ST. LOUIS — An obviously leaner and stronger Chris Stewart was among the latest players to arrive in St. Louis Blues on Tuesday, joining teammates for some pre-training camp workout sessions.
The results of the right winger's work with his Toronto-based trainer, speed coach and nutritionist were easily visible during and after the practice session at St. Louis Mills.
"This is the leanest I've ever been in my life," said the 6-foot-2 Stewart, who appeared well below the 232 pounds he is listed at on the Blues' web site roster. "I'm excited to put the training into results and help this team win a Stanley Cup."
Stewart's motivation comes from several locations, most notably his own desire to bounce back from a sub-par season that saw him benched twice during the playoffs.
The 25-year-old signed a one-year, $3 million contract extension last summer after his offensive totals dipped to 15 goals and 30 points last season.
He had scored 28 goals in each of the previous two seasons and entered 2011-12 with unusually high expectations.
A return to the form that saw Stewart blossom into one of the NHL's top power forwards with Colorado and later the Blues could lead to bigger and better things for both parties.
Besides committing himself to workouts, changing his diet and learning he was allergic to rice, Stewart also dabbled a bit in mixed martial arts (MMA).
"We did a little bit of MMA every Friday, a little sparring and stuff like that, but nothing too crazy," said Stewart, who cautioned reporters against reading too much into his workout regimen. "It's not really unique, I just worked with a well-established trainer. We just worked hard and we attacked it from a diet standpoint, just really got ahead of the game."
While Stewart has yet to score a goal or blast an opponent into the boards, his appearance definitely caught the eye of Blues coach Ken Hitchcock.
Hitchcock watched intently Tuesday at St. Louis Mills as former Blues player Jamie Rivers ran about 15 players through informal workouts.
"There was great energy, guys were having fun," Hitchcock said. "But you see summer hockey -- and the teams that get out of that mode the quickest are going to be successful."
When asked about Stewart, a player challenged to improve from a fitness standpoint, Hitchcock was quick and to the point.
"He's done three things: He's lost weight, he's in great shape and he's focused," Hitchcock said. "He's done a heck of a job. He looks great, he looks like a different player on the ice. When you see him skate he's way more fluid....he looks really good."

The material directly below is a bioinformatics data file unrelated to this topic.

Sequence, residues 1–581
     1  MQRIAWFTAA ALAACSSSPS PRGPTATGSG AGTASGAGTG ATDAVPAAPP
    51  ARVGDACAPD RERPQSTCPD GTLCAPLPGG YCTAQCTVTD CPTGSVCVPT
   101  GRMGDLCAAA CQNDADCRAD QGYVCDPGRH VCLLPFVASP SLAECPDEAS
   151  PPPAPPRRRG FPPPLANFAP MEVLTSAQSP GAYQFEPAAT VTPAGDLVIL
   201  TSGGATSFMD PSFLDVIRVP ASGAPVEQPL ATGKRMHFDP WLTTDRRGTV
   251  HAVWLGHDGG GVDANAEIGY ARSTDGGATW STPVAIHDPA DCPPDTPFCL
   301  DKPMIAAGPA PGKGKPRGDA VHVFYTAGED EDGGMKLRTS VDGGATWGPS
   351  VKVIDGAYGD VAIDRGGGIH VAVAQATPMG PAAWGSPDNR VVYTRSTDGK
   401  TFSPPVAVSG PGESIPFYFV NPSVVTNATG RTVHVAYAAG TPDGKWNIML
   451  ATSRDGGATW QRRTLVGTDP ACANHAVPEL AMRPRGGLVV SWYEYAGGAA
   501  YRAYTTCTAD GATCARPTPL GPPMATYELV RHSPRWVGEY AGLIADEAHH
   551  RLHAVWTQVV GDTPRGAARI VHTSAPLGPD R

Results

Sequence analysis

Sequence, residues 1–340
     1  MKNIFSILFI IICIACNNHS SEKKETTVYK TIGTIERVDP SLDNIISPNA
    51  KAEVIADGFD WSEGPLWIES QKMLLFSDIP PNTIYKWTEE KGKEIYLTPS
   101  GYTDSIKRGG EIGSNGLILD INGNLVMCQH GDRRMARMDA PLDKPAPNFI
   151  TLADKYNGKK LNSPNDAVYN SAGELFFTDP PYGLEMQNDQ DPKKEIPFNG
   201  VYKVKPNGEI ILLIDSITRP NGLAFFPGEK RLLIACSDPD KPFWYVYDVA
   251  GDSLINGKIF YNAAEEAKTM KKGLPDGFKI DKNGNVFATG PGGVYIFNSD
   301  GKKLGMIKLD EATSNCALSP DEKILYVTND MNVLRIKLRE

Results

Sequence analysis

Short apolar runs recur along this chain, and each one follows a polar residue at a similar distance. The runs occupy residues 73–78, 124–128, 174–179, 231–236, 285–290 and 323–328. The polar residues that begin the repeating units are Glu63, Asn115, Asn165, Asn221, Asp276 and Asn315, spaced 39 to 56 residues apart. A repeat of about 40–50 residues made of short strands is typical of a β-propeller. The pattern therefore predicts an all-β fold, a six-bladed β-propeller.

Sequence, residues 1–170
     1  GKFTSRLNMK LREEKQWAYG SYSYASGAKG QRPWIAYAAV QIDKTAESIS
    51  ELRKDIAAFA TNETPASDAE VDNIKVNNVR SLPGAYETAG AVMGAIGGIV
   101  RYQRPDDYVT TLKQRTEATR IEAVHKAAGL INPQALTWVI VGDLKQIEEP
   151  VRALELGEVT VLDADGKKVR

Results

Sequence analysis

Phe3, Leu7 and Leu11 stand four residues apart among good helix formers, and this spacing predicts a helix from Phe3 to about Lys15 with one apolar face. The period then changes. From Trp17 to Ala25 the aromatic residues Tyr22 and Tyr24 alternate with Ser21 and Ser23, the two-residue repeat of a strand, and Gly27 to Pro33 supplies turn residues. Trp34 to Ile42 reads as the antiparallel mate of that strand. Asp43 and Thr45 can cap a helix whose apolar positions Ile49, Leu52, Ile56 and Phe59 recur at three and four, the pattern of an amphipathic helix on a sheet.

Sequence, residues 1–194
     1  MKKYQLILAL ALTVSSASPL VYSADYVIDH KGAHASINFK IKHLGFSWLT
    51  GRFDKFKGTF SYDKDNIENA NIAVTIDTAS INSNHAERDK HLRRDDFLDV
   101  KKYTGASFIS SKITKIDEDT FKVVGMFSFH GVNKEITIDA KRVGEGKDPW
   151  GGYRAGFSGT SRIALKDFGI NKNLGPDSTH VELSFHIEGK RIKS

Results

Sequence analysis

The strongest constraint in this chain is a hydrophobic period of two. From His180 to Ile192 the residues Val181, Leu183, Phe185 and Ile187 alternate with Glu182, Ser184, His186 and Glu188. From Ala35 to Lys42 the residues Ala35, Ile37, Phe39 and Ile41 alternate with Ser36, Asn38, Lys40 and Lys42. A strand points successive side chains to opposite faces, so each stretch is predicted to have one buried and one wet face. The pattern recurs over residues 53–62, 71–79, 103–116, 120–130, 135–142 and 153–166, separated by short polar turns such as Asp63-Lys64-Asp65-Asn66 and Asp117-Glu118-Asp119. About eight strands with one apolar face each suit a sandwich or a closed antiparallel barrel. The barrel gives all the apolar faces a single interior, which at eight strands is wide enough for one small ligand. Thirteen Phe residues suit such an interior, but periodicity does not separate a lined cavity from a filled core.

Stewart and Flyers forward Wayne Simmonds, a longtime friend from their younger hockey days in Toronto, played together in Germany and the Czech Republic during the lockout.
"There's only one way to get in game shape and that's to go play games," Stewart said. "There obviously wasn't the opportunity here, so I went over with my best friend and we played together for 2 1/2 months. We had fun, it was a once in a lifetime opportunity."
Stewart had one assist in five games with Liberec of the top Czech Republic league. He also had six goals and 20 points in 15 games with the Crimmitschau Ice Pirates in the German second-division league.
As an "import," Stewart was leaned on heavily and said he played 25 to 30 minutes a night. Playing on the larger European ice surface also aided his fitness level.
"I especially noticed over there," he said. "Last year come the third period I was a little tired and this year when I was over there in the third period that's when I started to get going."
Jackman and the Blues ready to roll
Veteran Blues defenseman Barret Jackman was part of a core group of about 10 players that remained in St. Louis during the lockout, skating together in workouts led by former Blues player Jamie Rivers.
Jackman didn't enjoy the long break and is glad the shortened NHL season is just around the corner.
"It was really different," he said. "I think it was nice that I have a family now and they definitely occupied a lot of my time, but it's hard.
"No matter if you're young or you're old, you're on pins and needles and you're sitting there going day to day. You stay in shape, but mentally it's a drain."
With the league apparently targeting Jan. 19 to open the regular season, players and coaches won't have much time to fine-tune their games.
"This time around it's going to be condensed," Jackman said. "You're going to have a game every two days and that's going to be wearing (on you). The first week or two is going to be all on adrenaline.
"After that, you've got to manage your body and manage your rest, be smart about the minutes that are played and the rest in between games."
Along with Stewart, other new faces skating with the Blues on Tuesday were Matt D'Agostini, Kris Russell and Chris Porter.
Patrik Berglund and others are expected by Wednesday, with Hitchcock itching to put on some skates and join everyone once the NHL's new collective bargaining agreement has been ratified.
"We've got really good leadership," Hitchcock said. "We've got a really good captain...this is a team that really likes each other and really plays for each other -- and we're not bringing in a bunch of new guys. I think we can cut through some things that maybe other teams can't and that might give us a wee bit of an advantage down the line.
"But it all goes for naught unless I get the players engaged."
Contact reporter Norm Sanders at firstname.lastname@example.org or 239-2454.